Echo Chambers
By: Mark W Adams

So I'm thinking about the Press, appropriately as I read Professor Jay Rosen's PressThink: Audience Atomization Overcome: Why the Internet Weakens the Authority of the Press
In the past there was nowhere for this kind of sentiment to go. Now it collects, solidifies and expresses itself online. Bloggers tap into it to gain a following and serve demand. Journalists call this the “echo chamber,” which is their way of downgrading it as a reliable source. But what’s really happening is that the authority of the press to assume consensus, define deviance and set the terms for legitimate debate is weaker when people can connect horizontally around and about the news.
Two things tend to mitigate Teh Awsum of the web in shifting the spheres of acceptable versus unacceptable political discourse and what is considered consensus thinking, or "what is a fact?" amongst the Villagers.  It should surprise no one that both problems, in my humble view, lay firmly within the authoritarian echo chamber we call Reich Wing Blogistan.  The problems are closed minds operating within a closed system.

Nothing is more damaging to the ideals of a free exchange of thoughts than the plethora of conservative bloggers who routinely purge their comment ques (in the rare case a conservative blogger allows comments at all).  This results in a self-reinforcing feedback loop, coupled with a preponderance of authors and fans of these web pundits who display and alarming tendency to parrot the conservative party line, brooking no dissent as such apostasies are anathema to their authoritarian personalities.

I've seen some analysis of the linking behavior among the conservative blogosphere, and the degree to which it can be represented as a closed hierarchical system is not so much alarming as displaying a nascent institutionalization of a true barrier to open dialogues.  I don't think we should dismiss lightly the stubborn resistance to change displayed in conservative Blogistan as dooming their endeavors, even though, "Hand in hand with the lack of liberalism and tolerance goes the lack of openness, constructiveness, democratic spirit and humor."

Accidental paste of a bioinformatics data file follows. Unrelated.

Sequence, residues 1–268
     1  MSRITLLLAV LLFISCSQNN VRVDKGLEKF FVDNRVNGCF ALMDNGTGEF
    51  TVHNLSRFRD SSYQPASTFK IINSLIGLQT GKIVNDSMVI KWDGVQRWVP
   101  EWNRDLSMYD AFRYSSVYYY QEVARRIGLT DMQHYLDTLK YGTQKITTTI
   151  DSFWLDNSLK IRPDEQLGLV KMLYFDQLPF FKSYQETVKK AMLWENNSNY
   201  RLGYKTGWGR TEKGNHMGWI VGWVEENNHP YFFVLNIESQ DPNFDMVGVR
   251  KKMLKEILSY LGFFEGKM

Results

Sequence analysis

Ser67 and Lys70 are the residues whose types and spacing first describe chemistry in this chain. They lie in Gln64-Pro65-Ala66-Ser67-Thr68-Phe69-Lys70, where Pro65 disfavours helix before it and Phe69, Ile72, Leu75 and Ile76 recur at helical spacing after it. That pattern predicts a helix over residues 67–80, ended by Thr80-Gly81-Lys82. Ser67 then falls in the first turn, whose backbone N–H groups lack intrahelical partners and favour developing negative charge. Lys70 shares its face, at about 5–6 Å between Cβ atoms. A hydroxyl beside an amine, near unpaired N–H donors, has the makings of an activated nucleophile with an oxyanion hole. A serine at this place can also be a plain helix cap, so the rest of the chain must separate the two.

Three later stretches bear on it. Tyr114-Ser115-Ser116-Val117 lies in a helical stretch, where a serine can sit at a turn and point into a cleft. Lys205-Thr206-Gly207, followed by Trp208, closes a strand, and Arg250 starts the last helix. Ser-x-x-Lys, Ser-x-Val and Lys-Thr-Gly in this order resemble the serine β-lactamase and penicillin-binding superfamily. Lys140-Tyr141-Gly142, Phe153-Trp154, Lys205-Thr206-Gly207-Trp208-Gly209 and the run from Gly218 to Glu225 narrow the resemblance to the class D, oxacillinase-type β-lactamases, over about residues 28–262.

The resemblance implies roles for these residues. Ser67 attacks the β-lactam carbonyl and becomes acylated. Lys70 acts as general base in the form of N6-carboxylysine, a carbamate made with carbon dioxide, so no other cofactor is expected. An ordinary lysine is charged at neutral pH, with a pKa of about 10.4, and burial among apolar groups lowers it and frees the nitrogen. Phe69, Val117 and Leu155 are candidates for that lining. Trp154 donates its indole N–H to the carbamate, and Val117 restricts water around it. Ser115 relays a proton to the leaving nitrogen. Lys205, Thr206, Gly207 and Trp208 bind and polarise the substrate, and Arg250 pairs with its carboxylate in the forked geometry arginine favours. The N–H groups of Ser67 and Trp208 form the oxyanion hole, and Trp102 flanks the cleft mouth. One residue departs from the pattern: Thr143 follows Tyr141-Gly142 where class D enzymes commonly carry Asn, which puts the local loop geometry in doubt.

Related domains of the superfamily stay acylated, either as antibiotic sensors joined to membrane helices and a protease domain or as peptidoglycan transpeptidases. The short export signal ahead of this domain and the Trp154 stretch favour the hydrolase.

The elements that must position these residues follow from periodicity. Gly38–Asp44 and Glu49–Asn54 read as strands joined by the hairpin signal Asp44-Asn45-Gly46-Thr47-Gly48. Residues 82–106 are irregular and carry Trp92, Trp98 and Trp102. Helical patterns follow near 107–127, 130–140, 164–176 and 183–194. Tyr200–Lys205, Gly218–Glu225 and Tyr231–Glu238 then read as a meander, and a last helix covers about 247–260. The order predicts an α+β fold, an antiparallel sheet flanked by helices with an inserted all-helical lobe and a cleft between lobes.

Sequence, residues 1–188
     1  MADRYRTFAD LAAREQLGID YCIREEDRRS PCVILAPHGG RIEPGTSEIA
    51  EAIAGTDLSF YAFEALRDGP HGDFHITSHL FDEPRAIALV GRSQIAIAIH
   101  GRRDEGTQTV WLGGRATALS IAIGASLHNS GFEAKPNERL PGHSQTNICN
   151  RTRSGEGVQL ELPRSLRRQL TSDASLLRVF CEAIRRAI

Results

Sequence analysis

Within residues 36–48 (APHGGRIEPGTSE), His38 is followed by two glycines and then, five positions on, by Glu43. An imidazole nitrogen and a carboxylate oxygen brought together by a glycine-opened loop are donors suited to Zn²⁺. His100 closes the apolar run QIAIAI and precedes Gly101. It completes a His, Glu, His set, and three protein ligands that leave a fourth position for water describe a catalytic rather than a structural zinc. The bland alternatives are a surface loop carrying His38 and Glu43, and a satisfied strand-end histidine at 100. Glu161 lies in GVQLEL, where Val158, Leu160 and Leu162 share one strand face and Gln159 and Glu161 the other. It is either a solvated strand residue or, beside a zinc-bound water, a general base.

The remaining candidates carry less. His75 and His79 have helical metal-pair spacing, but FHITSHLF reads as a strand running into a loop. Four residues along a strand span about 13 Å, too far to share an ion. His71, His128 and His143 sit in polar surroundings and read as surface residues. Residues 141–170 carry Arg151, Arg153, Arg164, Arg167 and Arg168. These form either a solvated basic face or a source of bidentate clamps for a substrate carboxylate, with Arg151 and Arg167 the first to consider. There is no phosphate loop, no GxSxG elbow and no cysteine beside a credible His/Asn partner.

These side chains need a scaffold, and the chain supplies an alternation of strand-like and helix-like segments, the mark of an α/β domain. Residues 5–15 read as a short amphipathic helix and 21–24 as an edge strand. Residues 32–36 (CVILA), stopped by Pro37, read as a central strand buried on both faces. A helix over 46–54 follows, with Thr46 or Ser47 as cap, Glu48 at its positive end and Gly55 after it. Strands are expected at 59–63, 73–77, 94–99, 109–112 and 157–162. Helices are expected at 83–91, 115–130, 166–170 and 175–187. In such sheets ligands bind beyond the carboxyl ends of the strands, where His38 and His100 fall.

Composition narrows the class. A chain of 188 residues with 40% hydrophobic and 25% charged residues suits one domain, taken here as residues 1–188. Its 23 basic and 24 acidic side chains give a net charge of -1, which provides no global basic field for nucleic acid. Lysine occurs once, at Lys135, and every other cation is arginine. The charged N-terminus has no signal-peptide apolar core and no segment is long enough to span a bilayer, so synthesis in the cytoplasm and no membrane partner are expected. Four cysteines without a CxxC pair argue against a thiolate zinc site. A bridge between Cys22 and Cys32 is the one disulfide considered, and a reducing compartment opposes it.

See, they may be small in numbers -- the few, the prideful, the inconsequential ninnys of negativism -- but they aren't going anywhere, completely content to hang on to one another for the next two or three decades until something doesn't work out right -- so they can blame Teh Clenis once again.
Professor Robert Ackland concluded, "there are significant differences in the behaviour of liberal and conservative bloggers, with the latter forming more dense patterns of linkages. We find broad support for this conclusion, and empirically assess the implications of differences in conservative/liberal linking behaviour for the online visibility of different political messages or ideologies."
No doubt you've taken to heart the idea that elections have consequences, and rejoice in the fact that we won.  Unfortunately that doesn't mean we can afford to ignore the conservatives -- because those that remain are increasingly united and like a cornered animal, dangerous.  That which did not destroy them only makes them stronger.

Ignore them at your peril.  I for one will continue to enjoy the sport of mocking, debunking, ridiculing and exposing the bankrupt followers of conservatism for their hypocrisy and illogical inconsistencies.  What else would I write about, how cool it is that Mr. Cool lives in the White House?  Boring.  It's his job to fix things and make us proud.  Us folks in the trenches gotta keep getting our hands dirty.